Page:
Lowering the Cost of Secondary Education through Strategic Public-Private Partnerships: Evidence from the PEAS programme in Uganda

Lowering the Cost of Secondary Education through Strategic Public-Private Partnerships: Evidence from the PEAS programme in Uganda

The need to pay school fees remains a challenge for many secondary students despite the existence of the Universal Secondary Education (USE) programme in Uganda and its associated capitation grants.

Due to the variety of income sources for secondary schools, the average expenditures between public and other schools differ markedly. This brief examines the drivers of secondary school expenditures and whether private schools delivering USE services offer an opportunity to reduce the overall cost of secondary education in Uganda.

The brief is based on the analysis of costs of secondary education undertaken as part of the 3 year impact evaluation of the Promoting Equality in African Schools (PEAS) programme in Uganda—implemented under a Public Private Partnerships (PPPs) arrangement. We find that government schools on average have a total expenditure of UGX 548 million per year and this is about 60 percent more than what is spent on average in non-government schools.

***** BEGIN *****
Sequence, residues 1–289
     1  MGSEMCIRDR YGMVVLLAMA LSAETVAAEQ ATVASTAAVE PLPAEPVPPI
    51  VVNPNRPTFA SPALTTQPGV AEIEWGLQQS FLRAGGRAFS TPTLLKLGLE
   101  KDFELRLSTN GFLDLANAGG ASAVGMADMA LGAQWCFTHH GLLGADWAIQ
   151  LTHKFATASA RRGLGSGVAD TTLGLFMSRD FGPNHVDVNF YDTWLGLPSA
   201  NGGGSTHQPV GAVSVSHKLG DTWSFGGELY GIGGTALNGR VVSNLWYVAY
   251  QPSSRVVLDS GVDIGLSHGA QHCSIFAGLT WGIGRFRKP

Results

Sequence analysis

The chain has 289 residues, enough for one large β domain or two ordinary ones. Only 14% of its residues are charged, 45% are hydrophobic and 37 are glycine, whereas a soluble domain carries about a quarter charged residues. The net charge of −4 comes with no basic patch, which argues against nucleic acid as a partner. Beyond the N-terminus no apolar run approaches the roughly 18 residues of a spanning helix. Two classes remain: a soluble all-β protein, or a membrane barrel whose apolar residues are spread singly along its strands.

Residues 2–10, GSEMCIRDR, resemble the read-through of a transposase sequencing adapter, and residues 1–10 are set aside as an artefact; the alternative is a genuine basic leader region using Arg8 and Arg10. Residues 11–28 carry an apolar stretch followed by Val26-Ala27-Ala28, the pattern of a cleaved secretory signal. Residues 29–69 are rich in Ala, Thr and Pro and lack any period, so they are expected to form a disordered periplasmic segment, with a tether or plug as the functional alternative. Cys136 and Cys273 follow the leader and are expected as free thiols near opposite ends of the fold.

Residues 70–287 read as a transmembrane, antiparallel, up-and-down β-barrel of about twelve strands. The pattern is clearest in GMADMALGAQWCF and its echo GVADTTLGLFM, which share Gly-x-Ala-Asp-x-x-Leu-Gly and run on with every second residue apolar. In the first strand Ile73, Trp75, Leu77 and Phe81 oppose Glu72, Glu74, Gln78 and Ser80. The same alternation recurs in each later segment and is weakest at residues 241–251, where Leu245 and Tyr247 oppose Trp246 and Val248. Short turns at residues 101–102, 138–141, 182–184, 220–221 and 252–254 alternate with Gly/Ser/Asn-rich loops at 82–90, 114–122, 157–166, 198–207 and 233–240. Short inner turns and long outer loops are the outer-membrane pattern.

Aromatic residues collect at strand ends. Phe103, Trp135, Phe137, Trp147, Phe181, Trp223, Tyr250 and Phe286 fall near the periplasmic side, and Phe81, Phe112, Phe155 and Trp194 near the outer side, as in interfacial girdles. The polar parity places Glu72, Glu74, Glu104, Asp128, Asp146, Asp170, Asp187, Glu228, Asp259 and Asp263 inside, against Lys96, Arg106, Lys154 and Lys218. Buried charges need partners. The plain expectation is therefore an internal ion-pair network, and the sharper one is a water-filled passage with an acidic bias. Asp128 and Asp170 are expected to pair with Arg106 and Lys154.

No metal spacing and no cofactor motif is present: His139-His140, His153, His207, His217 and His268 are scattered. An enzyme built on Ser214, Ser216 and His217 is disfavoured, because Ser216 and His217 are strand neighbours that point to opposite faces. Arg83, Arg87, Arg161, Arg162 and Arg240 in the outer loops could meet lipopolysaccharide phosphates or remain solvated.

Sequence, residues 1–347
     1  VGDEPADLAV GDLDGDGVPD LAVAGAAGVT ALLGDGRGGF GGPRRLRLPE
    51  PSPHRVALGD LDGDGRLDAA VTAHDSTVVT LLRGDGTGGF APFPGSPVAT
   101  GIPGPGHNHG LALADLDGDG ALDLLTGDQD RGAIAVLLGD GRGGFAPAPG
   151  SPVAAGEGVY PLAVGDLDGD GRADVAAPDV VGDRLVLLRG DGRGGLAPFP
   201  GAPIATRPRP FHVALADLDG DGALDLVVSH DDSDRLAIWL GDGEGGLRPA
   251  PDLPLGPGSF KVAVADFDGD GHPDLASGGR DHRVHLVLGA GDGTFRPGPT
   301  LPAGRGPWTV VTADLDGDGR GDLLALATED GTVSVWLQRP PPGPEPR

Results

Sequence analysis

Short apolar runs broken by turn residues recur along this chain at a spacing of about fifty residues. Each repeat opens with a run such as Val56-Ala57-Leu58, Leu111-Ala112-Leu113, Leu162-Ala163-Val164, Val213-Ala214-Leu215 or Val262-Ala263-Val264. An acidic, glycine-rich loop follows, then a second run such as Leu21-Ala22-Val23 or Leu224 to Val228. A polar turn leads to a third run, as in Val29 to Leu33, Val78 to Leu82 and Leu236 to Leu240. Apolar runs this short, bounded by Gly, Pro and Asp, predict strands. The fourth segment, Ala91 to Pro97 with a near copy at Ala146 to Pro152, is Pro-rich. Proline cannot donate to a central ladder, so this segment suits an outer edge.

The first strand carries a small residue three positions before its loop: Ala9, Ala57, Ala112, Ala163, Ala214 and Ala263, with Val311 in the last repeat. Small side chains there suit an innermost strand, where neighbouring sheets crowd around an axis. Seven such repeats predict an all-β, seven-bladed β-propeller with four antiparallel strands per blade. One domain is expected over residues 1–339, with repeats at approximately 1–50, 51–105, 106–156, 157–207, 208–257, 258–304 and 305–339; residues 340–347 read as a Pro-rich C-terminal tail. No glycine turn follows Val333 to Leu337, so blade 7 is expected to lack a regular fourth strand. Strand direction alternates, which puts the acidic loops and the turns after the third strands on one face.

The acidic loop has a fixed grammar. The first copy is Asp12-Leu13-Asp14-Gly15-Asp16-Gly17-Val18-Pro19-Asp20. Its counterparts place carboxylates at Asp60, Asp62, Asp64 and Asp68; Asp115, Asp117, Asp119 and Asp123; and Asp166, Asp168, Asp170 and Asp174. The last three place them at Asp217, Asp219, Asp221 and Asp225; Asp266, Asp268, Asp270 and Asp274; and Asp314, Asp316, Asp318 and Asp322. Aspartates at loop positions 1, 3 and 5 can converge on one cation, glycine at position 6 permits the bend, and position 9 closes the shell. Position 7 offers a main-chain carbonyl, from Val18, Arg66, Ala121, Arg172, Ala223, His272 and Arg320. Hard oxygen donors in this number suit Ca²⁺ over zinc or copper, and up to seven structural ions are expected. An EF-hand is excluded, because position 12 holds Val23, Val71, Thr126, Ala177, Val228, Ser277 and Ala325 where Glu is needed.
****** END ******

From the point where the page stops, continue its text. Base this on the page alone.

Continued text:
The large differences in expenditures between public and other schools is primarily attributed to higher teacher salaries in government schools as well as the provision to teachers of several non-salary benefits like meals and rent for accommodation —paid from the school dues. As such, the estimated per student recurrent expenditure is highest for government schools at UGX 1.4 million compared to UGX 1 million and UGX 736,000 for PEAS and private schools respectively. As such, strategic partnerships between Government and Non-Governmental Organisations (NGOs) have the potential to significantly reduce the cost to households of sending their children to school.

File Name: 103 Lowering_Cost_of_Secondary_Education_through Strategic public-private partnerships_Evidence_PEAS_programme_Uganda.pdf
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Created Date: 04-24-2019
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